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Colorado Summer Staycations: Find yourself under the stars this summer seeing Colorado in a new way


Background Art: Laura Haddad and Tom Drugan | Location: 61st and Peña Station, Denver

When March 2020 rolled around, I was fresh off the plane having returned from Trinidad and Tobago, then the world shut down. All my post-graduation travel plans were suspended, and I was miserable. Even if I could get into Ireland or Italy or Japan, half of the things I want to do there wouldn’t be open anyway. I was stuck.

Now that things are reopening and COVID restrictions are being lifted, airfare and gas prices are skyrocketing. Since international travel, or even a road trip, would be expensive, I took a closer look at my home state. I love Colorado. That’s why even with the itch to travel that I have, I’ve never considered moving. There are new experiences in every direction, including marveling at the Milky Way Galaxy above.

North – Fort Collins

My mom is constantly watching Hallmark movies, including the Christmas ones year round. Many Hallmark romances start while staying in or fixing up a bed and breakfast. When my mom and I took off for Edwards House B&B in Old Town Fort Collins for Mother’s Day, my dad texted my boyfriend that they were in trouble — the Hallmark women never end the movie with the boyfriends they start with. Our stay ended without any breakups, so I guess we don’t actually live in a Hallmark movie, we just pretended for a couple of days.

Front of Edwards House. Photo: Ashley Kay Mauer

Edwards House could easily double as a movie set. It was built in 1904 by Alfred Edwards after purchasing a lot from his wife’s sister’s husband, Franklin Avery. The rooms all have fresh flowers, and it’s within easy walking distance of the restaurants and shops of Old Town.

The Avery House was built in 1903 and is directly east of the Edwards House. Tours of the Avery House will be resuming June 5 and will be open on Saturdays and Sundays.

Breakfast is served every morning at Edwards House in the dining room or on the patio. They just ask that you select your seating by 6 p.m. the night before, so they can keep it to two parties at a time for COVID safety. There is a menu in the dining room each morning listing what will be served that day, from pineapple pancakes to breakfast tacos. They are happy to accommodate dietary restrictions and allergies, which was exciting for my gluten-intolerant mother who is accustomed to having to find her own meals.

Fruit Cup and Orange Juice at Breakfast. Photo: Ashley Kay Mauer

In the afternoon, cookies await guests in the entryway, and once again, dietary restrictions were no obstacle. There was a gluten-free cookie for my mom on a separate plate to avoid cross contamination.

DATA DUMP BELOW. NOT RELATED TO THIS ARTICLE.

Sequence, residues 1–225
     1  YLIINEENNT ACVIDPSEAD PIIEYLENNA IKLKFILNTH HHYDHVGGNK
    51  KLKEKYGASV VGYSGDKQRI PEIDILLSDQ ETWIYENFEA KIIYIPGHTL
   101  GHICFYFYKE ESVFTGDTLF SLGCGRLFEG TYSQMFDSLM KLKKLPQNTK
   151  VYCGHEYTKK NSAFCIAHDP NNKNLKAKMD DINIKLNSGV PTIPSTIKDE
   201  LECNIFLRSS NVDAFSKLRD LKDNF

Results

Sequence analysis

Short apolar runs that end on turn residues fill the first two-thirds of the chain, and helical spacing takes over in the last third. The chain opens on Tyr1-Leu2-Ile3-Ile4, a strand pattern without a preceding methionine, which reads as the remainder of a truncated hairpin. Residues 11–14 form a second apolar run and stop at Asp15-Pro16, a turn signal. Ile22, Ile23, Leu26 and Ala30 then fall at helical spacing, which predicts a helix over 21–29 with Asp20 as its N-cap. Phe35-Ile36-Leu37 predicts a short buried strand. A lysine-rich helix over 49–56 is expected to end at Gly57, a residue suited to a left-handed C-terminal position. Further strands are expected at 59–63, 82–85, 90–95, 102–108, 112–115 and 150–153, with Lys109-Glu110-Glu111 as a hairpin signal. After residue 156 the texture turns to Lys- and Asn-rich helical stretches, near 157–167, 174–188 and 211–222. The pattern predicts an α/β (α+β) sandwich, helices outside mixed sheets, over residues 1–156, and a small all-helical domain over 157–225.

Cookies at Edwards House. Photo: Ashley Kay Mauer

My mother and I aren’t coffee drinkers, but we did pay a few visits to their tea station. I fell asleep after a taste of Egyptian Dreams each night. Once we were hooked on Happy Lucky’s Tea, we paid a visit to Happy Lucky’s Teahouse only a few blocks away. They offer tea in-house or loose leaf teas to take home, including an Edwards House blend, so you can relive the flavors of your staycation even after you return home.

Tea Station at Edwards House. Photo: Ashley Kay Mauer

While wandering Old Town, I made my mom stop so I could take pictures of all the murals we came across adorning the walls and utility boxes of the city. Murals often aim to deter graffiti taggers, but in this case, their primary purpose is to bring art and beauty to the city. They are plentiful, and trying to pick a favorite was difficult.

Mural in Old Town Fort Collins. Photo: Ashley Kay Mauer

When our bellies started rumbling, we asked some family and friends who had lived in Fort Collins what they recommended. Blue Agave Grill, The Mayor of Old Town, The Rio Grande, and Stuft Burger Bar made all of their lists. At Stuft Burger, they offer donuts as hamburger buns. Calories don’t count on vacation, right?

When I’m on vacation, ice cream is a must, so we gave Walrus Ice Cream a whirl. The chocolate cinnamon ice cream made me seriously question whether mint chocolate chip is still my favorite ice cream flavor.

Walrus Ice Cream Storefront. Photo: Ashley Kay Mauer

Fort Collins is known as the craft beer capital of Colorado for a reason. Anyone who can’t find a beer they like in this town should probably stick with wine. Odell Brewing Company, Envy Brewing, Horse & Dragon Brewing Company, Zwei Brewing — the list goes on. Just type “brewery” into your map app, and see where it takes you. We enjoyed the outdoor patio at Odell’s, which offered space for my little cousin to run around while we caught up with her parents.

Horsetooth Reservoir is a 15-minute drive from Edwards House and offers boating, hiking, canoeing, stand-up paddle boarding, and swimming. A $10 fee per vehicle grants you access to the park no matter what activity you choose. The first time I tried SUP was at Horsetooth a few years ago. It is so much easier on a lake than the ocean, or maybe I just don’t have much balance.

Horsetooth Reservoir. Photo: Ashley Kay Mauer